Monday, July 13, 2015

Middle Grade Review: Riding Freedom


Title: Riding Freedom
Author: Pam Munoz Ryan; illustrated by Brian Selznick
Publisher: first published 1998 by Scholastic, 144 pages. Ebook published 2013; on my Nook it had 75 pages.
Source: library (digital)

Based on a real person, Charlotte Parkhurst, this book tells of a girl who disguises herself as a boy to escape a workhouse (masquerading as an orphanage). Unlike most who did that sort of thing (at least in books), she did not resume her female persona. Now known as Charley, Charlotte went on to become an expert stage driver, emigrated to California, and became--50+ years before it was legal--the first woman in the country to vote (so far as we know!). Note: the summaries on Amazon and Goodread talk about her being married and losing husband and baby, then resuming her male role. Nothing in the book suggests any such thing, including the historical note at the end, though there is mention of a time spent in Atlanta which isn't covered in the book.

Charlotte's story is both expanded and compressed. Expanded, because very little is known of her life (for obvious reasons), so the author had to invent small incidents, dialog, and feelings. But it is also compressed, in that the author chose to put all the key events into far fewer years than they actually encompassed for the sake of a more coherent narrative.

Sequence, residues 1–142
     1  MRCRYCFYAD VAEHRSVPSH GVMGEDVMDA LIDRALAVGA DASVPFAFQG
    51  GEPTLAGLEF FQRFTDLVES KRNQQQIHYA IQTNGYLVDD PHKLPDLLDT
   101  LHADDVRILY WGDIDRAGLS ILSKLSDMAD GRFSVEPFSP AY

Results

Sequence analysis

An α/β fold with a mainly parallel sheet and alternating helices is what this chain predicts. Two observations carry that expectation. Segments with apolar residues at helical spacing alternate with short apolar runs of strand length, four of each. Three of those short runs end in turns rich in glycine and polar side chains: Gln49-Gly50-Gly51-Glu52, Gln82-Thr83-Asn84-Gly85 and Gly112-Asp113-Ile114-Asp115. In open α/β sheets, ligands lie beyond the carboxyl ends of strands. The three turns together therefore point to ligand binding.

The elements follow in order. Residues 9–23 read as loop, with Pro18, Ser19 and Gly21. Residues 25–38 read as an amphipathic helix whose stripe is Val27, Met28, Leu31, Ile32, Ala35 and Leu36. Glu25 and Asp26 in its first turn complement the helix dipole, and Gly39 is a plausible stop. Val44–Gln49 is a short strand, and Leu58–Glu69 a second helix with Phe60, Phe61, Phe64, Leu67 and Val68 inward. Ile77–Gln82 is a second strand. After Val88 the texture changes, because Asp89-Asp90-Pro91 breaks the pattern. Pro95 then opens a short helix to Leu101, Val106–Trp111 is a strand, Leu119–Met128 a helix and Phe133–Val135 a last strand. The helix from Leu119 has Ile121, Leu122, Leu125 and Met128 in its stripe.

I am a huge fan of historical fiction, and finding a book like this, based on a remarkable real person, is a delight. Though I enjoyed it a great deal, the writing style is not to everyone's taste--it is definitely written in the style of a children's biography, with more "showing" and made-up dialog than an adult book would have, but still with a certain distance and a great deal more "telling" than we consider optimal in a novel. Frankly, I didn't care. The story is compelling, and well-told. Selznick's illustrations only add to the delight.

Like many readers (based on a scan of the reviews), I would have liked to know more about what happened after the book ends. Charlotte had a great friend at the orphanage, Hayward, and she invites him (according to their childhood plan) to join him on the ranch she eventually buys. What becomes of that relationship? I believe that the author does not pursue this because he is not an historical character, but the possibilities are tantalizing.

This is a book that offers a good look at issues faced by women in the 1800s, as well as being an inspiring story of perseverance in the face of great odds. I recommend it for those who like history and historical fiction, biography, and stories of strong women.

Full Disclosure: I checked Riding Freedom out of my library, and received nothing from the writer or publisher in exchange for my honest review.  The opinions expressed are my own and those of no one else.  I am disclosing this in accordance with the Federal Trade Commission's 16 CFR, Part 255: "Guides Concerning the Use of Endorsements and Testimonials in Advertising."


  1. It is interesting! And I'm a sucker for real tales of women in the west; I think I have a non-fiction account of one-eyed Charley somewhere in my collection of books.


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